This was seen in books across the wider curriculum in both key stages 1 and 2.
The early years is a calm and purposeful area. Classrooms are set up to prompt questions and discussion.
Children's imagination and curiosity are also stimulated by many things to see, touch and do, both indoors and outside. Staff help children to become fluent and confident readers. They ensure that children take reading books home that match the sounds they are learning.
Staff know each child's starting point. They plan carefully to meet individual children's needs. All children, including those with special educational needs and/or disabilities (SEND), settle quickly and make a good start to their education.
Pupils with SEND who attend the new alternative provision gain the knowledge they need to achieve well. They learn through specific topics that they can relate to. Pupils receive specialist support from teachers and teaching assistants.
As a result, they settle well into new routines and expectations when they join the school.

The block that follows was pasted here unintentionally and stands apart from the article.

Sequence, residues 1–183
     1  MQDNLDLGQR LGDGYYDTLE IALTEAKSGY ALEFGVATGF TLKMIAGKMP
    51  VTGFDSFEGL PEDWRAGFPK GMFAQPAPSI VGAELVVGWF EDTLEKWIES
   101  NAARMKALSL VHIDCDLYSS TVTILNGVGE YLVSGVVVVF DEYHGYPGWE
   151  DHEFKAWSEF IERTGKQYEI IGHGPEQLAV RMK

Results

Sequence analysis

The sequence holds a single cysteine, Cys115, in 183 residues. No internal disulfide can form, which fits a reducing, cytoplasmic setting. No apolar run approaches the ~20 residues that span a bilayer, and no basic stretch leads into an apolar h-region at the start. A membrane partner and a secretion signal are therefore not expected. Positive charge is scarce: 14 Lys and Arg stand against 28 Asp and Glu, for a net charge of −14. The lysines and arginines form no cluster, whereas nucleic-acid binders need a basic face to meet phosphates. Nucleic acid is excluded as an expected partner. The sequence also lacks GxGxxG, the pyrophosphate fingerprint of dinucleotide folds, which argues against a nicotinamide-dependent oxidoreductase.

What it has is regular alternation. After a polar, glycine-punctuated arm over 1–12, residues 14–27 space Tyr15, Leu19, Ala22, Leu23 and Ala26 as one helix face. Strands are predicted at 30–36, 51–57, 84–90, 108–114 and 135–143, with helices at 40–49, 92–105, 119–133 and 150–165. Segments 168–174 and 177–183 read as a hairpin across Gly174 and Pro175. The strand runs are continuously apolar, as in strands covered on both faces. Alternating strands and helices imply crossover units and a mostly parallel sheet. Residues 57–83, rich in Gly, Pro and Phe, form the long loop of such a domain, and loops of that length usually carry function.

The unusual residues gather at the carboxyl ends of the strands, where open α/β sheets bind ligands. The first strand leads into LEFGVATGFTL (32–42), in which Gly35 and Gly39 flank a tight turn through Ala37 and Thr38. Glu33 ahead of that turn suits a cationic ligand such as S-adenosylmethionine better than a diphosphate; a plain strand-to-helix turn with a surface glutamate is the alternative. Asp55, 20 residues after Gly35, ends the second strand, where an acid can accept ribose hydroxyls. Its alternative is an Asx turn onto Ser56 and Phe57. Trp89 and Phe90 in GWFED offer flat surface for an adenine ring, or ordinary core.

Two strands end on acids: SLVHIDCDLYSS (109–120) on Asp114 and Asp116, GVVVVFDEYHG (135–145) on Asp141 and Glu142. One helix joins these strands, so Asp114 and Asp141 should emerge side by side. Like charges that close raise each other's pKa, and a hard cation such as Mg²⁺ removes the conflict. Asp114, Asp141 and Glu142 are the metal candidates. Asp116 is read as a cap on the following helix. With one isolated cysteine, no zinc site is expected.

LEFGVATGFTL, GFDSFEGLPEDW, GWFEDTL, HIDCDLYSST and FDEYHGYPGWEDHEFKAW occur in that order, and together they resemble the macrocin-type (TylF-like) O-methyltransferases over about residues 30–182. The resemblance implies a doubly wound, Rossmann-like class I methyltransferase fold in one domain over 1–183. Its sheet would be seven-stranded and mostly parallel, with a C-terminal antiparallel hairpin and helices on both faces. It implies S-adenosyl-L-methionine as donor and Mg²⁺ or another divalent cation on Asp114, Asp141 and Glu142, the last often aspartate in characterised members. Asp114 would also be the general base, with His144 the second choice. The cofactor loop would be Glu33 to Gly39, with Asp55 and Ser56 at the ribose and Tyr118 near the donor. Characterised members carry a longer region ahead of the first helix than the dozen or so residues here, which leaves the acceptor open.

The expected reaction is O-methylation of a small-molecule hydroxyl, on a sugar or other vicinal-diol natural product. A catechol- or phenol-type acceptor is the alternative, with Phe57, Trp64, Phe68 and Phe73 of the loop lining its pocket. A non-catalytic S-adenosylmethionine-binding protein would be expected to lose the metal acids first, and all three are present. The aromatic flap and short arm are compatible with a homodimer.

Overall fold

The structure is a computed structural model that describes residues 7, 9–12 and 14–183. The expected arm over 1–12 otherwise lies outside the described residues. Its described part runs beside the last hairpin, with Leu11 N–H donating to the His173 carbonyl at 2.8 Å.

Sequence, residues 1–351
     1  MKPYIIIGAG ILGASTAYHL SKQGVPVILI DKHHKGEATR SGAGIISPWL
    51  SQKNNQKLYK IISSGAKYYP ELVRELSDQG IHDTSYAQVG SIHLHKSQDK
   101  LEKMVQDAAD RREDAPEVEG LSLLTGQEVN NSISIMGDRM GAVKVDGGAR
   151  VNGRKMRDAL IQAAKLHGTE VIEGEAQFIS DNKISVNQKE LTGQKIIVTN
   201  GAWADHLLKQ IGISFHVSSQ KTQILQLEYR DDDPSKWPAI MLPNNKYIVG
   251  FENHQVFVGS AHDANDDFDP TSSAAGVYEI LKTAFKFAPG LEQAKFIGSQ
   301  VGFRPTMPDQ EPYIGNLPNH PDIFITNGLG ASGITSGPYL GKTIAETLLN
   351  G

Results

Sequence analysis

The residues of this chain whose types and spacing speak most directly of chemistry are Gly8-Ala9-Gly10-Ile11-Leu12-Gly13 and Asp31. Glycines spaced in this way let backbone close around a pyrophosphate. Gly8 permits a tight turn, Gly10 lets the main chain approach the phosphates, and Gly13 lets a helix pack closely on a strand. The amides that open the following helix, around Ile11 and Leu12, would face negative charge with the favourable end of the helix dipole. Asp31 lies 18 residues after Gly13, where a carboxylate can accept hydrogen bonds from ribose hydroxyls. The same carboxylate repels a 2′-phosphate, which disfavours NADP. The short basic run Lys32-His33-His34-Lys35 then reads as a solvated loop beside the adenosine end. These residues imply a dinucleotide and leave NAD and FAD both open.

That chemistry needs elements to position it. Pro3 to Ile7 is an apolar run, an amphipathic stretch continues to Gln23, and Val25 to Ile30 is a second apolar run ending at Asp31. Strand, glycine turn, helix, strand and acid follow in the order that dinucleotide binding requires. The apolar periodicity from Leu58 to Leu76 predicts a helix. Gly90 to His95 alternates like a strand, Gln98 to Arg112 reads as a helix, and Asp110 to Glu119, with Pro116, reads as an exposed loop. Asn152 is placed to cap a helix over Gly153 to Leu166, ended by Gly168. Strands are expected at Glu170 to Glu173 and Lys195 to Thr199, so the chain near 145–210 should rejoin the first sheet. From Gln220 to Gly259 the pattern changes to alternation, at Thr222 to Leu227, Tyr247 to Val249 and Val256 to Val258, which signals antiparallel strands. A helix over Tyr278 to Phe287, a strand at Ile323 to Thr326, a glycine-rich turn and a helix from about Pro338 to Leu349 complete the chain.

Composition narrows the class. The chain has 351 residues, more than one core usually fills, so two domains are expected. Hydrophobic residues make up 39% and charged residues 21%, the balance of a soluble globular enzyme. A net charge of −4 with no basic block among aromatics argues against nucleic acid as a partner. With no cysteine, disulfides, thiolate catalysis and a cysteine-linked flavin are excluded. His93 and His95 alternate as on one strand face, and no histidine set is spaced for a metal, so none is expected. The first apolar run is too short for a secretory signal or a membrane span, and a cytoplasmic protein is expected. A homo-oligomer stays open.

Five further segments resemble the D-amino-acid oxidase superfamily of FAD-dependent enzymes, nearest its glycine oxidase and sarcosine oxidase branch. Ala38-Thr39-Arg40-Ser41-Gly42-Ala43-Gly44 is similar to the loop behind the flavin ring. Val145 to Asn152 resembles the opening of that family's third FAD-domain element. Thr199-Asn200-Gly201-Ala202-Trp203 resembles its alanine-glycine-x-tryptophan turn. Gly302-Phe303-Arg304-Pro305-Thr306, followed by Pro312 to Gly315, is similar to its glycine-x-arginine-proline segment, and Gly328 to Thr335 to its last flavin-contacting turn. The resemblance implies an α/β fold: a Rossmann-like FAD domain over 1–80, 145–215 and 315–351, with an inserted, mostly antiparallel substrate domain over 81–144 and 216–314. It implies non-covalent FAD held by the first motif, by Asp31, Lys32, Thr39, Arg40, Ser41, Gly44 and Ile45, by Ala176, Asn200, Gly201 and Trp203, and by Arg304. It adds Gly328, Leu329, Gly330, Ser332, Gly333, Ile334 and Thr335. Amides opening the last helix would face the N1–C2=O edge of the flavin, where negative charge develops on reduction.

Teachers plan lessons that interest and meet the needs of pupils with SEND in the mainstream classes. Teaching assistants across the school provide strong support for all pupils, including those with SEND.
Leaders ensure that pupils study the full range of subjects. In many subjects, teachers plan carefully what they want pupils to learn. In physical education (PE), pupils develop skills and knowledge to play a wide range of games.
They participate successfully in competitive games against other schools.
The modern foreign language (MFL) subject plan is well structured. Pupils engage enthusiastically and develop the skills needed to be successful in communicating in Spanish.
MFL is a strength of the school.
However, in subjects such as history and geography, teachers have not thought carefully enough about the knowledge pupils need as they move through the school. Pupils cannot link their learning to what they have learned previously.
For instance, when teachers explain new concepts in geography, they do not make useful links with the vocabulary that pupils already know. Pupils' knowledge and understanding in these subjects are not as strong as they should be.